Vinci et al v. V.F. Corp.

Filing 22

OPINION AND ORDER Transferring TNF Gear, Inc.'s Claims Against Defendant VF Outdoor, LLC to the United States District Court for the Northern District of California, Oakland Division. Signed by Judge Christina Reiss on 1/9/2018. (pac)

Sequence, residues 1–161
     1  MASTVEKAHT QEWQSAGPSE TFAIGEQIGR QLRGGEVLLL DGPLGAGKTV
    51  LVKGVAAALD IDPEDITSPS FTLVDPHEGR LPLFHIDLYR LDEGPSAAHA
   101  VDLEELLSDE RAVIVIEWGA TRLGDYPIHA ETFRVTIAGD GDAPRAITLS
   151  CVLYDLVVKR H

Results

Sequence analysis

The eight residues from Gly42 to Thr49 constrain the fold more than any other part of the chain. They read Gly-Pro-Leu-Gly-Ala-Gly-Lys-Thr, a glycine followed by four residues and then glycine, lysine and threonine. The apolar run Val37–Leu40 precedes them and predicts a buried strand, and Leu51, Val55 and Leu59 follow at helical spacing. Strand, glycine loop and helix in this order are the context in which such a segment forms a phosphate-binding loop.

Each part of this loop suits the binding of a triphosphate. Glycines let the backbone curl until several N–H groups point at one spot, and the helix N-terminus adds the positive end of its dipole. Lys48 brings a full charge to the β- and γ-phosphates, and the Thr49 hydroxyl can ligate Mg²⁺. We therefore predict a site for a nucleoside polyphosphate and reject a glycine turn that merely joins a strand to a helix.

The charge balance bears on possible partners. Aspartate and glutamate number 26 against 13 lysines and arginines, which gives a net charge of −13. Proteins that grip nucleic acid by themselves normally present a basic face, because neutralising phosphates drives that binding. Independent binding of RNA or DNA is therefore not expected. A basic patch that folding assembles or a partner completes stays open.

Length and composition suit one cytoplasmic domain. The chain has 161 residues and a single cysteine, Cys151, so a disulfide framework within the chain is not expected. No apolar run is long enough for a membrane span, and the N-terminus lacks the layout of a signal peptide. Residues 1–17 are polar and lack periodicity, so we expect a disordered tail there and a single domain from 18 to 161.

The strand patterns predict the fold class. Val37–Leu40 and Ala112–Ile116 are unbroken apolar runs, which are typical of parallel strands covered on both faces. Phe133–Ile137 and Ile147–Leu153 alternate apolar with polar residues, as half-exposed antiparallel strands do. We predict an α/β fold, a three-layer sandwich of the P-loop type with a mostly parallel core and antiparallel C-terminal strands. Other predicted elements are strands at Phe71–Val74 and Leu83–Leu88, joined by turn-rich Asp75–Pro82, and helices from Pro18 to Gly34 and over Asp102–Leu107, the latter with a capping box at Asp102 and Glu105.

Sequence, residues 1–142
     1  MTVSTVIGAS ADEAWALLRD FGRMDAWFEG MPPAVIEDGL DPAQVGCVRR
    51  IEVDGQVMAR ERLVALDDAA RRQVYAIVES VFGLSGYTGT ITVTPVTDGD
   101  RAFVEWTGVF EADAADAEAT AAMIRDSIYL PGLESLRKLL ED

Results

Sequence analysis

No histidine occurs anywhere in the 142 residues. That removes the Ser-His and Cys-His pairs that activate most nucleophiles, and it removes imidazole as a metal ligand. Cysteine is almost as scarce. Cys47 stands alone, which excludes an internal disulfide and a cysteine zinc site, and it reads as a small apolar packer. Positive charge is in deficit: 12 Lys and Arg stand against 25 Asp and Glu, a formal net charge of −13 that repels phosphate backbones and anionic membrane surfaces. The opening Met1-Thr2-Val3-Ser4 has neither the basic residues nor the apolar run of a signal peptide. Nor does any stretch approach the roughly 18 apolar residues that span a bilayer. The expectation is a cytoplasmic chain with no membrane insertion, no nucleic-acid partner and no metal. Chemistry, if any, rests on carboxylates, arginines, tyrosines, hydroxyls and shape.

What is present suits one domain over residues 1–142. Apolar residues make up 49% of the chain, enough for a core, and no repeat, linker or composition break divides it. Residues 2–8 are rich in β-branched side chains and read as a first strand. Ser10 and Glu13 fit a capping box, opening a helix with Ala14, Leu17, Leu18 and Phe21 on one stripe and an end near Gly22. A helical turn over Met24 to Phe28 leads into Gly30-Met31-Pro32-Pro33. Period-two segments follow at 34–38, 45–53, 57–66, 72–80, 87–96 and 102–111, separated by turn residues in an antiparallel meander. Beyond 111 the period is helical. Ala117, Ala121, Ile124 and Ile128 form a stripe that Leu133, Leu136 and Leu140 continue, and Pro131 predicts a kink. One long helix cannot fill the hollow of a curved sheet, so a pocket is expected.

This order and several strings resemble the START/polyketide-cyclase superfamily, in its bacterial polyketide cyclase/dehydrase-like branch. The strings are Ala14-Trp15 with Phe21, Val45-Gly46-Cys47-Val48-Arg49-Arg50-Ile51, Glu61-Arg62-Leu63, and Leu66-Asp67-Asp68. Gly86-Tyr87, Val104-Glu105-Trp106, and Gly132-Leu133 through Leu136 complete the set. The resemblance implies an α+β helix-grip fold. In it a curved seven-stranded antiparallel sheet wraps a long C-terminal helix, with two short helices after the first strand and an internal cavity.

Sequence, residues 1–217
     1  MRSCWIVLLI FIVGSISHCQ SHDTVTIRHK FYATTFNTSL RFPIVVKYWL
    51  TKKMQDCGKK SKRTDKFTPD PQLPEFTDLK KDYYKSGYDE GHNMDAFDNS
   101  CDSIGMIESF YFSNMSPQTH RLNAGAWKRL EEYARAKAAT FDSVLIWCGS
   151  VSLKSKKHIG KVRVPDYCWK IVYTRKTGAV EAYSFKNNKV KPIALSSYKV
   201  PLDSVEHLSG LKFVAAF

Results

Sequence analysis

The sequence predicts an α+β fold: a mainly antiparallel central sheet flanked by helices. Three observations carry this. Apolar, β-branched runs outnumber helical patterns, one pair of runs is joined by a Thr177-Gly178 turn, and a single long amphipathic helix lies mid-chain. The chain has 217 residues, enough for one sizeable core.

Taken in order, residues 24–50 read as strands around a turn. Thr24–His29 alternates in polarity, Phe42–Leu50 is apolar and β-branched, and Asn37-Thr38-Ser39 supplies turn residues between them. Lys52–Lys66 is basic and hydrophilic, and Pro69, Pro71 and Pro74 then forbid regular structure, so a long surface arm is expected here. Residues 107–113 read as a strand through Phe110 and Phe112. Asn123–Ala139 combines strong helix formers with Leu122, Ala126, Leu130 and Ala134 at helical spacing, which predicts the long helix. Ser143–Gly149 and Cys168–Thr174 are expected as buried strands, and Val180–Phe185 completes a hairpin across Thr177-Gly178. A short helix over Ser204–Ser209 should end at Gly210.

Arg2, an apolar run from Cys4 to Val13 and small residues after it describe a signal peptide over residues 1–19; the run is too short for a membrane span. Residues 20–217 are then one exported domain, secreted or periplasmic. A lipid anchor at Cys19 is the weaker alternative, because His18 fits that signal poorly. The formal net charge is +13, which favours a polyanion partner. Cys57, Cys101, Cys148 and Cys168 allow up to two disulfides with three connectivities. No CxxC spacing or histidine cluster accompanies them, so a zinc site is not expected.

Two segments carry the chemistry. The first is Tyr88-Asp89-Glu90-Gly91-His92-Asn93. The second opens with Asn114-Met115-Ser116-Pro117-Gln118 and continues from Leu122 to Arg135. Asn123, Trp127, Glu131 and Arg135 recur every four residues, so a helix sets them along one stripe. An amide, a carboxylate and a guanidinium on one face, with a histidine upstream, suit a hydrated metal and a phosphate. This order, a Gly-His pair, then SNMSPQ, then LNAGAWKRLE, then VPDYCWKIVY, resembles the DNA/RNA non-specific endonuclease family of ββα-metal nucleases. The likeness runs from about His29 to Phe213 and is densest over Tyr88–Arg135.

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UNITED STATES DISTRICT COURT FOR THE DISTRICT OF VERMONT U.S. OIS TP'4.CT COURT &!STRICT Ot VERMONT flLED 2018 JAH -9 l'H 3: !tit Cl.ERK BY WILLIAM VINCI, LINDA VINCI, TNF GEAR, INC., Plaintiffs, ) L lt):y\ DEPUTY CLERK ) ) ) ) V. ) Case No. 2:17-cv-00091 ) V.F. CORP., VF OUTDOOR, LLC, Defendants. ) ) ) OPINION AND ORDER TRANSFERRING TNF GEAR, INC.'S CLAIMS AGAINST DEFENDANT VF OUTDOOR, LLC TO THE UNITED STATES DISTRICT COURT FOR THE NORTHERN DISTRICT OF CALIFORNIA, OAKLAND DIVISION (Doc. 9) Plaintiffs William and Linda Vinci (the "Vincis") and TNF Gear, Inc. ("TNF") bring state law claims against Defendants V.F. Corp. ("V.F. Corp.") and VF Outdoor, LLC ("VF Outdoor"), arising out of the parties' "business arrangement" for the purchase and sale of The North Face branded products. Pending before the court is Defendant VF Outdoor's motion to dismiss PlaintiffTNF's claims under Fed. R. Civ. P. 12(b)(l), l 2(b )(3 ), and l 2(b )( 6) on the basis of a forum selection clause contained within a Multiparty Guaranty Agreement (the "Agreement") between TNF, VF Outdoor, and a non-party corporation controlled by the Vincis (Doc. 9). 1 The parties completed their briefing on August 17, 2017. The court heard oral argument on October 19, 2017, after which it took the pending motions under 1 Defendant V.F. Corp. filed its own motion to dismiss all claims against it for lack of personal jurisdiction, and both Defendants filed a joint motion to dismiss the Vincis' claims in their individual capacities for failure to state a claim and failure to plead fraud with particularity. Those motions will be addressed in a separate Order. advisement. Plaintiffs are represented by David E. Bond, Esq. Defendants are represented by R. Jeffrey Behm, Esq. I. The Allegations of the Amended Complaint. The Vincis are husband and wife and the sole shareholders of TNF, a Vermont corporation with its principal place of business in Burlington. In 2001, TNF opened The North Face Store @KL Sport in Shelburne, Vermont, which was later moved to College Street in Burlington and then to 90 Church Street in Burlington. TNF's store sold only The North Face branded apparel purchased at wholesale. In their Amended Complaint, Plaintiffs allege that until 2015, "The North Face was positioned as a premium brand," and Defendants required them to adhere to manufacturer approved pricing plans that dictated correspondingly high retail prices. (Doc. 5 at 3, ,i 11.) Plaintiffs allege that Defendants "represented to Plaintiffs that these policies applied to all retailers selling The North Face products." Id. at ,i 9. In early 2015, Plaintiffs placed their yearly order for winter apparel, totaling approximately $1.2 million in merchandise. In the fall of 2015, after Plaintiffs accepted delivery of those products, Defendants allegedly dramatically reduced their wholesale prices for sales made to third-party vendors. These third-party vendors, in tum, sold the discounted merchandise at significantly reduced retail prices to the general public, in violation of the marketing policies with which Defendants required Plaintiffs to comply. Plaintiffs claim that they were unable to compete with the significantly reduced prices, and that even if they could match them, they were barred from doing so pursuant to their promise to adhere to Defendants' manufacturer approved pricing plans. Plaintiffs allege that they fell "deeply into debt[,]" id. at 3, ,i 13, and reported this to Defendants who promised to "reign[] in" the third-party discounters. Id. at 4, ,i 14. In 2016, Plaintiffs purchased $650,000 in winter apparel inventory, and in the fall of that year Defendants again allegedly offered the same apparel to third-party vendors at steep discounts. Plaintiffs allege that they were again substantially underpriced by other retailers and were unable to maintain profitability. "As a result of Defendants' actions, the Vincis exhausted their savings and their credit, and in under 20 months saw their 2 business go from a successful enterprise to the verge of failure." Id. at 4, ,r 17. The Vincis claim they offered to sell their business to Defendants, but that Defendants refused to entertain a fair market value purchase. On May 23, 2017, Plaintiffs filed this suit against V.F. Corp., alleging breach of contract, promissory estoppel, breach of the implied covenant of good faith and fair dealing, and fraudulent concealment under Vermont common law. On June 19, 2017, Plaintiffs amended their complaint to include VF Outdoor as a defendant, stating that VF Outdoor "is a wholly-owned subsidiary of [V.F. Corp.] On information and belief, [VF Outdoor] is the owner of The North Face brand, and operates a division under the trade name, 'The North Face."' Id. at 1. The Amended Complaint includes a jury demand and seeks $5 million in damages. On July 18, 2017, Defendant VF Outdoor sought dismissal of the claims against it on the basis of the forum selection clause in section 13 of the Agreement. VF Outdoor included the affidavit of Lisa Long with its motion, which incorporated the Agreement as an exhibit. Ms. Long serves as Senior Credit Manager at VF Outdoor and signed the Agreement on its behalf. 2 William Vinci signed the Agreement on behalf of TNF. Section 10 of the Agreement is entitled "Applicable Law" and states that "this guaranty shall be governed by, and shall be construed and enforced in accordance with, the internal law of the state of California, without regard to conflict of laws principles." (Doc. 9-3 at 6.) Section 13 is entitled "Consent to Jurisdiction" and states in pertinent part that "any legal action or proceeding with respect to [the Agreement] ... shall be brought in the courts of the State of California, County of Alameda or the United States of America for the Northern District of California, Oakland Division[.]" (Doc. 9-3 at 6.) VF Outdoor argues that section 13 divests the court of jurisdiction over any claims arising out of the business relationship between itself and TNF. Plaintiffs oppose both 2 The court may consider materials outside the complaint in ruling on a motion to dismiss under Fed. R. Civ. P. 12(b)(l) or 12(b)(3). Because VF Outdoor's motion is properly characterized as one for a transfer, in ruling on the motion "a district court normally relies solely on the pleadings and affidavits[.]" Martinez v. Bloomberg LP, 740 F.3d 211,216 (2d Cir. 2014). 3 dismissal and transfer, asserting that the Agreement was the product of both procedural and substantive unconscionability. They ask the court to decline to enforce section 13 of the Agreement on that basis. II. Conclusions of Law and Analysis. A. Enforcement of a Forum Selection Clause Under Rule 12. VF Outdoor relies on three subsections of Fed. R. Civ. P. 12(b) for its motion to enforce the forum selection clause in the Agreement, pointing out that the Second Circuit has refused "to pigeon-hole these claims into a particular clause of Rule 12(b)." Asama Corp. v. SK Shipping Co., 467 F.3d 817, 822 (2d Cir. 2006). Clause (b)(l) of Fed. R. Civ. P. 12 allows the court to dismiss claims for lack of subject matter jurisdiction, clause (b)(3) permits dismissal for improper venue, and clause (b)(6) provides for dismissal when plaintiffs fail to state a claim for which relief can be granted. See Fed. R. Civ. P. 12(b). Recent guidance from the Supreme Court counsels against using Rule 12 as a vehicle for enforcing forum selection clauses. See Atlantic Marine Const. Co. v. U.S. Dist. Ct.for W Dist. a/Texas, 134 S. Ct. 568, 579 (2013) (holding that district courts may not dismiss on the basis of improper venue under Rule l 2(b )(3) where venue is otherwise proper but a forum selection clause governs). Instead, "the clause may be enforced through a motion to transfer under [28 U.S.C.] § 1404(a)[.] Section 1404(a) ... provides a mechanism for enforcement of forum-selection clauses that point to a particular federal district." Id. Second Circuit cases have followed Atlantic Marine when considering the effect of forum selection clauses. See, e.g., MBC Fin. Servs. Ltd. v. Boston Merch. Fin. Ltd., No. 16-3704-cv, 2017 WL 3616347, at *l (2d Cir. Aug. 23, 2017) (summary order) ("Atlantic Marine Construction Co. v. United States District Court for the Western District a/Texas,[] 134 S. Ct. 568, 581[] (2013), holds that forum non conveniens is the proper mechanism for enforcing a forum selection clause at the motion to dismiss stage."). Accordingly, the court will treat VF Outdoor's Rule 12 motion as a motion to transfer under 28 U.S.C. § 1404(a). 4 B. Whether the Agreement's Forum Selection Clause is Enforceable as a Matter of Contract Law. By its terms, the forum selection clause in section 13 of the Agreement binds the parties to litigate "any legal action" in California state courts or the United States District Court for the Northern District of California. Section 10 of the Agreement states that "the internal laws of the state of California, without regard to conflict of laws principles" will govern disputes arising out of the parties' "Business Arrangement." (Doc. 9-3 at 6, § 10) (capitalization omitted). The court must therefore determine whether Vermont law or California law controls the question of the forum selection clause's unconscionability. The Second Circuit has held that where district courts are presented with a choice of law provision, the inquiry is "whether, under applicable state choice of law principles, that provision would be honored." Valley Juice Ltd. v. Evian Waters of France, Inc., 87 F.3d 604, 607 (2d Cir. 1996). "As a general matter in diversity cases, [district courts] follow the substantive law of the state in which the district court sits, including its choice of law rules." Id. Under Vermont law, the court must then determine whether Vermont or California substantive contractual law will apply. The Vermont Supreme Court "has adopted the Restatement (Second) of Conflicts for choice-of-law questions in both tort and contract cases." McKinnon v. F.H Morgan & Co., 750 A.2d 1026, 1028 (Vt. 2000). It has further held that, "in the absence of a statute in the forum state providing otherwise, it is well-settled that it would be contrary to the justified expectations of the parties for a court to interpret their agreement by the laws of any jurisdiction other than that specified in the contract." Stamp Tech, Inc., ex rel. Blair v. Ludall/Thermal Acoustical, Inc., 2009 VT 91, ,i 23, 186 Vt. 369,380,987 A.2d 292, 298 (2009). If the difference between Vermont law and the law of the chosen forum is "cruel or shocking to the average man's conception of justice," Vermont courts may decline to enforce choice of law provisions on public policy grounds. Id. at ,i 22 (internal quotation marked omitted). Outside this narrow exception, Vermont courts "apply the applicable provisions of the law of the designated state in order to effectuate the intentions of the parties." Id. at,I 23. 5 Plaintiffs fail to identify any reason why California contract law would be "cruel or shocking to the average man's conception of justice" when applied to their claims. Stamp Tech, 2009 VT 91, ,i 22. California law therefore governs the enforceability of the forum selection clause in the Agreement. The California Supreme Court has defined unconscionability as "an absence of meaningful choice on the part of one of the parties together with contract terms which are unreasonably favorable to the other party." Baltazar v. Forever 21, Inc., 62 Cal. 4th 1237, 1243, 367 P.3d 6, 11 (2016) (citation and internal quotation marks omitted). "[T]he doctrine of unconscionability has both a procedural and a substantive element, the former focusing on oppression or surprise due to unequal bargaining power, the latter on overly harsh or one-sided results." Id. ( quoting Sonic-Calabasas A, Inc. v. Moreno, 57 Cal. 4th 1109, 1133, 311 P.3d 184 (2013)). Procedural and substantive unconscionability must both be present, but "the more substantively oppressive the contract term, the less evidence of procedural unconscionability is required to come to the conclusion that the term is unenforceable, and vice versa." Id. (quoting Armendariz v. Foundation Health Psychcare Servs., Inc., 24 Cal. 4th 83, 114, 6 P.3d 669 (2000)). "There are degrees of procedural unconscionability. At one end of the spectrum are contracts that have been freely negotiated by roughly equal parties, in which there is no procedural unconscionability ... Contracts of adhesion that involve surprise or other sharp practices lie on the other end of the spectrum." Baltazar, 62 Cal. 4th at 1244 (citation, alterations, and internal quotation marks omitted) (omission in original). The California Supreme Court has "used various nonexclusive formulations to capture the notion that unconscionability requires a substantial degree of unfairness beyond a simple old-fashioned bad bargain." Id. at 245 (internal citations and quotation marks omitted) (emphasis in original). It has recently emphasized that "not all one-sided contract provisions are unconscionable[.]" Id. Plaintiffs argue that the Agreement itself was the product of grossly unequal bargaining power. They provide a declaration from William Vinci which states that TNF was unique, in that it was the only independent retailer in the country which marketed 6 and sold exclusively The North Face branded products. (Doc. 13-1 at 2, 13.) Mr. Vinci further avers that "[i]n October, 2011, [VF Outdoor] ... presented us with [the Agreement] ... which we were required to sign as a condition of continuing to do business as sellers of The North Face products." Id. at 3, ,-i 5. He explains that "[t]o refuse would have meant simply walking away from more than a ten-year investment in our business." Id. Plaintiffs argue that VF Outdoor took "advantage of Plaintiffs' uniquely dependent circumstances" and "gave Plaintiffs no choice except to sign on the dotted line or abandon their business[.]" (Doc. 13 at 3.) They assert that the forum selection clause is substantively unconscionable because it was the result of "overweening bargaining power." Id. (quoting Argueta v. Banco Mexicano, S.A., 87 F.3d 320, 324 (9th Cir. 1996)). To rebut Plaintiffs' unconscionability claim, Defendants rely on an August 17, 2017 affidavit submitted by Lisa Long, wherein she avers that VF Outdoor requested that TNF sign the Agreement in 2011 after VF Outdoor discovered that the Vincis were using two corporations to run their business. The Vincis' original credit line in the amount of $900,000, was issued to a non-party corporation under the Vincis' control. In the fall of 2011, "William Vinci contacted VF Outdoor's sales agency principal on behalf of TNF" to seek an increase in the line of credit for the purposes of expanding the store's operations. (Doc. 17-1 at 1, ,-i 3.) VF Outdoor determined that because the Vincis used both TNF and a non-party corporation to run the business, a guarantee from each of the Vincis' corporations "would be needed in order to approve a credit increase for [TNF]." Id. at 2, ,-r 6. Ms. Long avers that Mr. Vinci "expressed no objection to executing such a guaranty." Id. She further states that "VF Outdoor sent [the Agreement] to Mr. Vinci in October of 2011 for his review, and two weeks later Mr. Vinci returned [the Agreement] executed by Mr. Vinci on behalf of both [corporations]." Id. Ms. Long notes that "Plaintiffs were not obligated to seek a credit increase. If they had found the terms of the Agreement unacceptable, they could have objected and continued to operate under the existing $900,000 credit line, or could have sought credit from other sources." (Doc. 17 at 3.) 7 Under California law, the foregoing facts do not rise to either procedural or substantive unconscionability because there was no "absence of meaningful choice" on TNF's part or "contract terms which are unreasonably favorable to" VF Outdoor. Baltazar, 62 Cal. 4th at 1243 (citation and internal quotation marks omitted). California courts "will enforce forum selection clauses contained in a contract freely and voluntarily negotiated at arm's length unless enforcement would be unfair or unreasonable." Hunt v. Superior Court, 81 Cal. App. 4th 901, 908, 97 Cal. Rptr. 215 (Cal. App. 2000); see Inters hop Commc 'ns v. Superior Court, 104 Cal. App. 4th 191, 201-02, 127 Cal. Rptr. 847 (Cal. App. 2002) (holding that "[a] forum selection clause within an adhesion contract will be enforced as long as the clause provided adequate notice to the party that he was agreeing to the jurisdiction cited in the contract.") (internal quotation marks and alterations omitted). The focus is on whether "the clause provided adequate notice to the defendant that he was agreeing to the jurisdiction cited in the contract," when determining whether the Agreement is unconscionable. Id. While it is true that Plaintiffs had less bargaining power than VF Outdoor, there is no evidence that Plaintiffs were forced to accept either the Agreement or its forum selection clause, or had inadequate notice that it required any litigation to enforce it to take place in California courts. There is also no evidence that they objected to the clause or failed to understand it. The forum selection clause is prominently displayed in the Agreement which is eight pages in length. The forum selection clause is therefore valid and enforceable under California law. C. Whether the Forum Selection Clause is Enforceable Under Federal Law. Federal courts "distinguish between the interpretation of a forum selection clause and the enforceability of the clause." Martinez v. Bloomberg LP, 740 F .3d 211, 217 (2d Cir. 2014) (emphasis in original). "The overriding framework governing the effect of forum selection clauses in federal courts ... is drawn from federal law." Id. Thus, even if section 13 of the Agreement is enforceable as a matter of state substantive law, the court must apply federal law to determine if it is enforceable in this court. 8 In the Second Circuit, the enforceability of a forum selection clause is governed by a four part test: ( 1) "whether the clause was reasonably communicated to the party resisting enforcement"; (2) whether the clause is "mandatory or permissive"; (3) "whether the claims and parties involved in the suit are subject to the forum selection clause"; and (4) whether "enforcement would be unreasonable or unjust, or that the clause was invalid[.]" Phillips v. Audio Active Ltd., 494 F.3d 378, 383-84 (2d Cir. 2007) (citations omitted). "In answering the interpretive questions posed by parts two and three of the four-part framework ... [courts] normally apply the body oflaw selected in an otherwise valid choice-of-law clause." Martinez, 740 F.3d at 217-18 (emphasis in original). The threshold inquiry to determine whether the forum selection clause was reasonably communicated to the party resisting enforcement is generally met where the terms of the clause are "plainly printed" in the contract and the party resisting enforcement had an opportunity to review the terms. See D.H Blair & Co. v. Gottdiener, 462 F.3d 95, 103 (2d Cir. 2006). The forum selection clause is included on page six of the eight page Agreement in its own numbered paragraph, labeled in bold print as follows: "CONSENT TO JURISDICTION." (Doc. 9-3 at 6, ,J 13.) Plaintiffs do not argue that notice of the clause's inclusion was inadequate or that is not "plainly printed" in the Agreement. The court must next "decide whether the parties are required to bring any dispute to the designated forum or simply permitted to do so." Phillips, 494 F.3d at 383 (emphasis in original). The Second Circuit has observed that it "normally appl[ies] the body of law selected in a valid choice-of-law clause" when analyzing whether a particular forum selection clause is mandatory or permissive. Martinez, 740 F.3d at 21718. Section 13 of the Agreement states that "any legal action" "shall be brought" in California. (Doc. 9-3 at 6.) "[E]mphatic" language like "shall be litigated" and "any claims shall be prosecuted" is recognized as creating a mandatory jurisdictional requirement under California law. Intershop Commc 'ns, 104 Cal. App. 4th at 196 (collecting cases) (internal citations and quotation marks omitted). Indeed, California 9 courts have also held that less direct language can constitute a mandatory clause. See id. (finding "[t]o the extent permitted by the applicable laws the parties elect Hamburg to be the place of jurisdiction" mandatory) (internal quotation marks omitted). Third, the court must consider "whether the claims and parties involved in the suit are subject to the forum selection clause." Martinez, 740 F.3d at 217 (internal quotation marks omitted). Defendants argue that each ofTNF's claims against VF Outdoors in the Amended Complaint derives from the "Business Arrangement" between the TNF and VF Outdoors and section 13 of the Agreement covers all disputes arising out of that relationship. Plaintiffs do not contend otherwise. The California Supreme Court has applied choice-of-law provisions to claims for breaches of contract and the implied covenant of good faith based on similar forum selection provisions. See, e.g., Nedlloyd Lines B. V v. Superior Court, 3 Cal. 4th 459, 464-66, 834 P.2d 1148, 1150-52 (1992) (en bane) (citing Smith, Valentino & Smith v. Superior Court, 17 Cal. 3d 491, 495-96, 551 P.2d 1206 (1976)) (finding that "Hong Kong law ... govern[s] all causes of action pleaded in the amended complaint, including the contract cause of action.") Although the Vincis' claims against VF Outdoor in their individual capacities are not subject to the forum selection clause because they are not signatories to the Agreement, TNF 's claims are clearly covered. If the forum clause was communicated to the resisting party, has mandatory force and covers the claims and parties involved in the dispute, it is presumptively enforceable. A party can overcome this presumption only by [] making a sufficiently strong showing that enforcement would be unreasonable or unjust, or that the clause was invalid for such reasons as fraud or overreaching. Martinez, 740 F.3d at 211 (internal quotation marks omitted). The Supreme Court has emphasized that "[ o ]nly under extraordinary circumstances unrelated to the convenience of the parties should a§ 1404(a) motion be denied." Atlantic Marine, 134 S. Ct. at 581. As a result, "a valid forum-selection clause should be given controlling weight in all but the most exceptional cases." Id. (internal quotation marks and alteration omitted). Moreover, 10 a court evaluating a defendant's§ 1404(a) motion to transfer based on a forum-selection clause should not consider arguments about the parties' private interests. Where parties agree to a forum selection clause, they waive the right to challenge the preselected forum as inconvenient or less convenient for themselves or their witnesses or for their pursuit of the litigation. Id. at 582. Plaintiffs' argument that California would be a highly inconvenient and expensive forum for them does not provide grounds for the forum selection clause's nonenforcement without a further claim that it would be impossible for them to litigate there. As the court may only consider "public-interest factors" in deciding whether or not to transfer the case to the parties' designated forum, and as Plaintiffs have failed to identify a public interest that requires this case to be litigated in Vermont, the Agreement's forum selection clause must be enforced. CONCLUSION For the foregoing reasons, the court GRANTS Defendant VF Outdoor's motion to enforce the forum selection clause in the Agreement. The court ORDERS that Plaintiffs' claims against VF Outdoor are hereby TRANSFERRED to the United States District Court for the Northern District of California, Oakland Division. SO ORDERED. Dated at Burlington, in the District of Vermont, this 191ay of January, 2018. ~ Christina Reiss, District Judge United States District Court 11